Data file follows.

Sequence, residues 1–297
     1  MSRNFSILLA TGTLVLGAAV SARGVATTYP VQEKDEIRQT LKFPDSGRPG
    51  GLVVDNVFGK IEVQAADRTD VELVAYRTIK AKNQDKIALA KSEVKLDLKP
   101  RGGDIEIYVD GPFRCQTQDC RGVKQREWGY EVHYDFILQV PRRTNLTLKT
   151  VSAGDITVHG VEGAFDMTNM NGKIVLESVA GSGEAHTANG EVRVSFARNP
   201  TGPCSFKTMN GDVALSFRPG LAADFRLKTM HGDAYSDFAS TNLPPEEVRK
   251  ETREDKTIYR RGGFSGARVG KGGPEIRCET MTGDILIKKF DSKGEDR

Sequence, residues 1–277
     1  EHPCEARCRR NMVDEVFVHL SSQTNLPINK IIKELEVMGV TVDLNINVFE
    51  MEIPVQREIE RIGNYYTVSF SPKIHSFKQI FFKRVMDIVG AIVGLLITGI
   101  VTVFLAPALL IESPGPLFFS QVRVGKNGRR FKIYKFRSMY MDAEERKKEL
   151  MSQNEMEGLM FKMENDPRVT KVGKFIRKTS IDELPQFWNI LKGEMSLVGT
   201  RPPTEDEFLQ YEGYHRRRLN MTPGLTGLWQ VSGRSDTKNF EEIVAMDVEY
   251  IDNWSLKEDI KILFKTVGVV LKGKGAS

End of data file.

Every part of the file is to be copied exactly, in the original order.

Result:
Sequence, residues 1–297
     1  MSRNFSILLA TGTLVLGAAV SARGVATTYP VQEKDEIRQT LKFPDSGRPG
    51  GLVVDNVFGK IEVQAADRTD VELVAYRTIK AKNQDKIALA KSEVKLDLKP
   101  RGGDIEIYVD GPFRCQTQDC RGVKQREWGY EVHYDFILQV PRRTNLTLKT
   151  VSAGDITVHG VEGAFDMTNM NGKIVLESVA GSGEAHTANG EVRVSFARNP
   201  TGPCSFKTMN GDVALSFRPG LAADFRLKTM HGDAYSDFAS TNLPPEEVRK
   251  ETREDKTIYR RGGFSGARVG KGGPEIRCET MTGDILIKKF DSKGEDR

Sequence, residues 1–277
     1  EHPCEARCRR NMVDEVFVHL SSQTNLPINK IIKELEVMGV TVDLNINVFE
    51  MEIPVQREIE RIGNYYTVSF SPKIHSFKQI FFKRVMDIVG AIVGLLITGI
   101  VTVFLAPALL IESPGPLFFS QVRVGKNGRR FKIYKFRSMY MDAEERKKEL
   151  MSQNEMEGLM FKMENDPRVT KVGKFIRKTS IDELPQFWNI LKGEMSLVGT
   201  RPPTEDEFLQ YEGYHRRRLN MTPGLTGLWQ VSGRSDTKNF EEIVAMDVEY
   251  IDNWSLKEDI KILFKTVGVV LKGKGAS